Lynn2000

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Re: Reading/Book Pet Peeves
« Reply #1407 on: September 17, 2013, 02:41:29 PM »
The "pining over the same person for years" is a plot that is just done way too often, to my mind. Same with the "they argue all the time, which means they will end up getting together." These are staples in books (and tv/movies as well) but rarely reflect reality.

Outside of high school I don't know anyone who pined after the same person for years to the detriment of other relationships (sure, finding someone attractive and having a feeling of 'too bad that never happened') but most of the time, if someone's in love with someone for years, they either say something or there's a really clear reason why it won't happen.

I think that it would be really difficult to start a relationship where one person has been in love for years, and the other person is just discovering that and treating it as a first date situation. Very unequal.

And to follow that up, I've never really understood the plot device of "been in love with you from afar for years." Maybe if the people are good friends and one secretly wants to be more than friends, okay. But if they've basically never even had a conversation, how can the one person really be "in love" with the other? They don't even know them. Find them attractive physically, sure. Find the things they do in public (because stalking and peeping are really not romantic) admirable, sure. That's a good basis for asking someone to go on a date with you. To me, it's not a good basis for gazing moonily at them from the other side of the room for years, denying all other romantic attempts, and finally at some point declaring that you're "in love" with them. I'm sure, in the entire history of the world, it's happened before, and maybe it's even worked out sometimes, but it must happen 1000% more often in fiction, and with far less realism in the details.
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cwm

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Re: Reading/Book Pet Peeves
« Reply #1408 on: September 17, 2013, 03:29:22 PM »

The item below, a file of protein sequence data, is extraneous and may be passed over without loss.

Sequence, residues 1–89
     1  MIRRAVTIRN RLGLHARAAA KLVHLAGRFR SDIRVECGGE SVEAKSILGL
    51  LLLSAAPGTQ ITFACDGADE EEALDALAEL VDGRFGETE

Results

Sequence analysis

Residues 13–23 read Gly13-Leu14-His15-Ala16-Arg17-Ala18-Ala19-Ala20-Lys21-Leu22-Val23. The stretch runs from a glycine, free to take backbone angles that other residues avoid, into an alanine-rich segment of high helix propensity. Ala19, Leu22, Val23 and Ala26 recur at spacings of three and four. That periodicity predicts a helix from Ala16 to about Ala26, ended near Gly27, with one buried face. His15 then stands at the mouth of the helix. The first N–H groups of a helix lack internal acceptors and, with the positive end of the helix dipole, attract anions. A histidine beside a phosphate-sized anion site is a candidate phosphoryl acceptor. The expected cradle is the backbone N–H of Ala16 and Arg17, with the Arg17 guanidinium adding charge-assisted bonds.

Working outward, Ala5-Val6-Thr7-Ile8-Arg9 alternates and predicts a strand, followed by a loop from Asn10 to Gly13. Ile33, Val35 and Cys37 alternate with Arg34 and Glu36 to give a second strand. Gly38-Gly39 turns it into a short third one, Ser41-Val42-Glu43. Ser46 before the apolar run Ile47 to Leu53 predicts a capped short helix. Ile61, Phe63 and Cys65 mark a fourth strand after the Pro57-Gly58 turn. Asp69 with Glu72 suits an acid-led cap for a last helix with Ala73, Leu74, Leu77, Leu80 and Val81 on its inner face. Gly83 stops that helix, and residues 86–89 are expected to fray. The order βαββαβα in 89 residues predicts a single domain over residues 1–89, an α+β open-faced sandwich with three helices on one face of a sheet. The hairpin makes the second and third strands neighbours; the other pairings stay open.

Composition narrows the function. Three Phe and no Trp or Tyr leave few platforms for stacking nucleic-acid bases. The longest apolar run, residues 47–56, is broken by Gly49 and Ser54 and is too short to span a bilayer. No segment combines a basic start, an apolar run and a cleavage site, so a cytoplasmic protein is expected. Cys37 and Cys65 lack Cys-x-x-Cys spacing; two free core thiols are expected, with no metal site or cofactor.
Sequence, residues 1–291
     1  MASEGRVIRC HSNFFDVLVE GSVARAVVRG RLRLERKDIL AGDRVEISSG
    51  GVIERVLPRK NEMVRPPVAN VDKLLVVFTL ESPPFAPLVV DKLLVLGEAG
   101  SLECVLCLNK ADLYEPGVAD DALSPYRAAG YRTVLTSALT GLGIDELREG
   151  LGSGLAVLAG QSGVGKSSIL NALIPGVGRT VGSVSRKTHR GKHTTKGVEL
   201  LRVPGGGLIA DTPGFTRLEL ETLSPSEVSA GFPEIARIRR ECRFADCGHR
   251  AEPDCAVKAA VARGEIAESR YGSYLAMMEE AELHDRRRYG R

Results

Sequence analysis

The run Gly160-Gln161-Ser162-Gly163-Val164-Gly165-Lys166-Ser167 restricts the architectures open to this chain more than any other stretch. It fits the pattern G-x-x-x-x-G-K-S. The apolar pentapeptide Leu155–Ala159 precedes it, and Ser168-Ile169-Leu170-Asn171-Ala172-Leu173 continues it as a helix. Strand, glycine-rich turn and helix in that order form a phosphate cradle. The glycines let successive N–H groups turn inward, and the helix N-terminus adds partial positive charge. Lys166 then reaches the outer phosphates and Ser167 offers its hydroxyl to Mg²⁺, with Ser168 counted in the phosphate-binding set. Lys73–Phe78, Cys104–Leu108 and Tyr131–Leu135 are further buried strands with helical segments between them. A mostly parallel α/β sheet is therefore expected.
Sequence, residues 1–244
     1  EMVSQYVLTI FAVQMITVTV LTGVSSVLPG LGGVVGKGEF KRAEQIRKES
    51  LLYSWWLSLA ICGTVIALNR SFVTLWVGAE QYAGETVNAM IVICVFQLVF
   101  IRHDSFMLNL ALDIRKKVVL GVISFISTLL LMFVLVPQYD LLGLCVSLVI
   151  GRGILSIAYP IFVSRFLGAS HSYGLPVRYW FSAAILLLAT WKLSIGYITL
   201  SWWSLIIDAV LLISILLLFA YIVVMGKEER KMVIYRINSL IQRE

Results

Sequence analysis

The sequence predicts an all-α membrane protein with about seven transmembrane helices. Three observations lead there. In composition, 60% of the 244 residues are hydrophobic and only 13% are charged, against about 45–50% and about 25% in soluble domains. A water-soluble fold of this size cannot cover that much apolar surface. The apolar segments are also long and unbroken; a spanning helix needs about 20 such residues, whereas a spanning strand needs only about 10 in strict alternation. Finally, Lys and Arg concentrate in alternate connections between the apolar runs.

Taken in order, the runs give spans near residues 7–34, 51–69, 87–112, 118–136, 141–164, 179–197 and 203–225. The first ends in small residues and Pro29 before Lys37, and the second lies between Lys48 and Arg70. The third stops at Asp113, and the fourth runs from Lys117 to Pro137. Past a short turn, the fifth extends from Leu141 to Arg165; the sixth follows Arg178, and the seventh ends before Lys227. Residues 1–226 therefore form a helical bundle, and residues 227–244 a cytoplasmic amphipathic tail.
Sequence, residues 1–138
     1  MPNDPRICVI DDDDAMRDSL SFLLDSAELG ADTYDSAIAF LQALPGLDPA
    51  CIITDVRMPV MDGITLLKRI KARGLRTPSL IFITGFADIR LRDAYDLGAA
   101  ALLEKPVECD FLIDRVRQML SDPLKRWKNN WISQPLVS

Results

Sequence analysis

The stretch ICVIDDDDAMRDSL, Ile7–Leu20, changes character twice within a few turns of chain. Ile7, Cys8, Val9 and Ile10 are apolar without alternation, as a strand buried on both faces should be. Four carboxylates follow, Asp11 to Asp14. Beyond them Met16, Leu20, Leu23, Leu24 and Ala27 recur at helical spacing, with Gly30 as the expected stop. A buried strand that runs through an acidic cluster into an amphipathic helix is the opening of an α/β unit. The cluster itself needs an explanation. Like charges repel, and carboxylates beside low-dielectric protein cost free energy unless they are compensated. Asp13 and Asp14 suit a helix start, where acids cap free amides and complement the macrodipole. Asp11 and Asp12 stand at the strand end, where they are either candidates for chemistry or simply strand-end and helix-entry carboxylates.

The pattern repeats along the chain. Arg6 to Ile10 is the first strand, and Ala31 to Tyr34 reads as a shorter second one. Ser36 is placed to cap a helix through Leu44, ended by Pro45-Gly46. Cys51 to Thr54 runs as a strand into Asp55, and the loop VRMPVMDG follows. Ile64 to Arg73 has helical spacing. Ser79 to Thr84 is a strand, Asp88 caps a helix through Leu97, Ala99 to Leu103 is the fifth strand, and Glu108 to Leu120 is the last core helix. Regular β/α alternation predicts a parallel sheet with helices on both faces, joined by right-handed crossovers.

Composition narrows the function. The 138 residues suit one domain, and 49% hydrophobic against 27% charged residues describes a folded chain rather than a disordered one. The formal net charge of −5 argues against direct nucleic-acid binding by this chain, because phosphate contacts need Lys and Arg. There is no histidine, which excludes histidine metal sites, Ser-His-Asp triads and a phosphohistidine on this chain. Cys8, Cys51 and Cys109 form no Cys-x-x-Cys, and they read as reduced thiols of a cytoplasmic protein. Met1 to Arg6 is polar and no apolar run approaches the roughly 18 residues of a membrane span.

The "pining over the same person for years" is a plot that is just done way too often, to my mind. Same with the "they argue all the time, which means they will end up getting together." These are staples in books (and tv/movies as well) but rarely reflect reality.

Outside of high school I don't know anyone who pined after the same person for years to the detriment of other relationships (sure, finding someone attractive and having a feeling of 'too bad that never happened') but most of the time, if someone's in love with someone for years, they either say something or there's a really clear reason why it won't happen.

I think that it would be really difficult to start a relationship where one person has been in love for years, and the other person is just discovering that and treating it as a first date situation. Very unequal.

And to follow that up, I've never really understood the plot device of "been in love with you from afar for years." Maybe if the people are good friends and one secretly wants to be more than friends, okay. But if they've basically never even had a conversation, how can the one person really be "in love" with the other? They don't even know them. Find them attractive physically, sure. Find the things they do in public (because stalking and peeping are really not romantic) admirable, sure. That's a good basis for asking someone to go on a date with you. To me, it's not a good basis for gazing moonily at them from the other side of the room for years, denying all other romantic attempts, and finally at some point declaring that you're "in love" with them. I'm sure, in the entire history of the world, it's happened before, and maybe it's even worked out sometimes, but it must happen 1000% more often in fiction, and with far less realism in the details.

In a limited sense, I can understand this. I'm totally in love with one of my friends, have been for years. I also respect the fact that she doesn't reciprocate the love I have for her and doesn't see anything happening between us. I'm perfectly willing to be best friends with her, and nearly like sisters, but if somehow in the future she changed her mind, I would jump for joy at the chance to be with her.

However most people don't do it right. If you're waiting for your chance from afar, that's just weird. Borderline stalking. It has to be a fully open line of communication and both parties have to be comfortable with it for it to work out.

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Re: Reading/Book Pet Peeves
« Reply #1409 on: September 17, 2013, 05:13:55 PM »
I only like series that have a planned end if they're all about the same characters  titles that tell you that there will probably be twenty more books, don't believe that this boyfriend is the heroine's true love.

I wouldn't mind this quite so much if so many series didn't feel the need for every book to have a "happy" ending, so the heroine gets together with her current squeeze/ex/guy who smiled at her in the line at the supermarket and all is well... until the next book starts at least. Unless the books have a habit of large time skips (which some series do well), it makes the heroine seem rather flighty.

Or hero. A lot of male protagonists suffer from this as well.

James Bond comes to mind . . .